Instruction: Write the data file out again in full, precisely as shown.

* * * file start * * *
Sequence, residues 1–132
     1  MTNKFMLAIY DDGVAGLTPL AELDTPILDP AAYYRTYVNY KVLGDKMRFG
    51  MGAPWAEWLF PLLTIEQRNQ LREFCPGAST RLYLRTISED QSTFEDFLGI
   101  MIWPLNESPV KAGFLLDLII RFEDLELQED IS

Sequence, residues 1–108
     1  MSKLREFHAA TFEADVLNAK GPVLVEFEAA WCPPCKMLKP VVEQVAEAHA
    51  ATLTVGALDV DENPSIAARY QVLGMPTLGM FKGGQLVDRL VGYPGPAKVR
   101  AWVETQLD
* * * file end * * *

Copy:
Sequence, residues 1–132
     1  MTNKFMLAIY DDGVAGLTPL AELDTPILDP AAYYRTYVNY KVLGDKMRFG
    51  MGAPWAEWLF PLLTIEQRNQ LREFCPGAST RLYLRTISED QSTFEDFLGI
   101  MIWPLNESPV KAGFLLDLII RFEDLELQED IS

Sequence, residues 1–108
     1  MSKLREFHAA TFEADVLNAK GPVLVEFEAA WCPPCKMLKP VVEQVAEAHA
    51  ATLTVGALDV DENPSIAARY QVLGMPTLGM FKGGQLVDRL VGYPGPAKVR
   101  AWVETQLD